Our skipper searches for a good spot and moors on a flat, rocky shoreline. One by one they swing their legs overboard and then my feet touch the Antarctic continent.

I remain in awe on my rock for a few seconds. I'm actually here. Then I prefer to look for a somewhat drier place and take a few steps away from the waves. After just a few steps, the stone I'm walking on disappears in a deep, fluffy white. Finally. That's exactly how I imagined Antarctica. Icebergs and snowfields as far as the eye can see.

Although almost half of the passengers are already on land, I only see a few people. The expedition team did a great job again and marked out a route with flags that we can explore at our own pace. The guests dispersed surprisingly quickly.

I take my time and enjoy the view: Powdery snow-white and angular gray rocks frame the shimmering turquoise-grey sea. Ice floes and icebergs of all sizes and shapes float in the bay and in the distance snowy mountains are lost on the horizon.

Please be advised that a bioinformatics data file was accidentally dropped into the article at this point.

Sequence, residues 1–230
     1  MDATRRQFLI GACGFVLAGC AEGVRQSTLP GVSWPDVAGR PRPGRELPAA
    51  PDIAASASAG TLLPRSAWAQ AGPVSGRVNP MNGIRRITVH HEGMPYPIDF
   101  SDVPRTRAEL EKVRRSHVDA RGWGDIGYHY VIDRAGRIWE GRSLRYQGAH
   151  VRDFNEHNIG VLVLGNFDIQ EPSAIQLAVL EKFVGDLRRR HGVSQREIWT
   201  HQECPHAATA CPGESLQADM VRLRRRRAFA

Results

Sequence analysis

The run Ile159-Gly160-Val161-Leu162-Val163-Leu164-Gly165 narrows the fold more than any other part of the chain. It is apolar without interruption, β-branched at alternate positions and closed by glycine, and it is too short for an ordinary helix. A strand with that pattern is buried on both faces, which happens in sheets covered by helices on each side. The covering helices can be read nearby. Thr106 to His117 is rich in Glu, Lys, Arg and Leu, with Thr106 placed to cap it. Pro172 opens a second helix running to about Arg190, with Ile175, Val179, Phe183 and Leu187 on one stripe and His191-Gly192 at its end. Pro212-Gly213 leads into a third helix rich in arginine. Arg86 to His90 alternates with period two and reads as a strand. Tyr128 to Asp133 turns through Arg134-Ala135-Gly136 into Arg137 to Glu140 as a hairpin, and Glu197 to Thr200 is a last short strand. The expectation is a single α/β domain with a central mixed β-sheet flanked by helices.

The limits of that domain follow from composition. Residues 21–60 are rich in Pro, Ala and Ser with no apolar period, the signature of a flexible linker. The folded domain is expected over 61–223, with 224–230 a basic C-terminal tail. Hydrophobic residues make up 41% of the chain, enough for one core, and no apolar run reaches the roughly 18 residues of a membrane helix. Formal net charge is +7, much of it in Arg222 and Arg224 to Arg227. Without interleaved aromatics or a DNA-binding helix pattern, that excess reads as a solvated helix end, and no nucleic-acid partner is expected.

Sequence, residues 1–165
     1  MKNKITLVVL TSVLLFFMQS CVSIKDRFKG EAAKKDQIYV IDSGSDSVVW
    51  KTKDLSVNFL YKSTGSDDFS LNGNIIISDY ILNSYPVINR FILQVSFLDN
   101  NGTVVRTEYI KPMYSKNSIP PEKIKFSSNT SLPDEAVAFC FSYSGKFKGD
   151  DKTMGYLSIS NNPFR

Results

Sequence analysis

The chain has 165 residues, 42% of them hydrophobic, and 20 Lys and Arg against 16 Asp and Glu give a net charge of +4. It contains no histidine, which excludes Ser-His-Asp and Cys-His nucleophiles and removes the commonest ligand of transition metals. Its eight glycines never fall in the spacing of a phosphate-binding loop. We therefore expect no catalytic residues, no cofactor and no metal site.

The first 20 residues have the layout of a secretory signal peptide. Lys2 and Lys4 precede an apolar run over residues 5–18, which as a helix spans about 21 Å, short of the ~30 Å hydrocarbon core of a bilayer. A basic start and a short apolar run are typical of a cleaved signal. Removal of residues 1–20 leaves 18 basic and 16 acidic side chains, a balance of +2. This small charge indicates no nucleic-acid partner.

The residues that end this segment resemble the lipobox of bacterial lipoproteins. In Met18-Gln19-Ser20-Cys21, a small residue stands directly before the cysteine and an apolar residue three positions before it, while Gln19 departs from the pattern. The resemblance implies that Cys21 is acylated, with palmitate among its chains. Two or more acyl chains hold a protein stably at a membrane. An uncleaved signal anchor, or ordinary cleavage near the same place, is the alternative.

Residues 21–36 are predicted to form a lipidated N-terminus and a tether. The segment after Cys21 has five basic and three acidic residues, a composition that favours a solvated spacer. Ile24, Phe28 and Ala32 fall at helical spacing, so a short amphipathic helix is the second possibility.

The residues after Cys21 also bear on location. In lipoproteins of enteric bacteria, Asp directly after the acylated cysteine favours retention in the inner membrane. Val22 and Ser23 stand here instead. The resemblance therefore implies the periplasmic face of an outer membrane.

Suddenly I see a Weddell seal in the snow. If that isn't the perfect reception for an Antarctic trip. But as I get closer, I spot a faint trail of blood near her. I hope she isn't hurt? Weddell seals are preyed upon by leopard seals and orcas, but juveniles are usually the main targets. This Weddell seal, on the other hand, looks big, heavy and impressive to me. I treat myself to a photo of the beautiful animal, then I'd rather leave her alone. For safety. Maybe she needs to recover.

It is fascinating how different a Weddell seal lying on land looks when compared to a Weddell seal swimming. If I didn't know better, I would say they are two different animals. The fur, the colour, even its shape looks different: on land it is plush, strikingly patterned, somehow oversized and pitifully clumsy when moving. Yet in the water she is sleek, drab grey, perfectly proportioned and surprisingly agile.

On board we have already learned a few interesting facts about the impressive marine mammals: Weddell seals can dive up to 600 meters deep. The lecture impressed me, but it is even more impressive to see this animal live. to stand next to him. On Antarctica.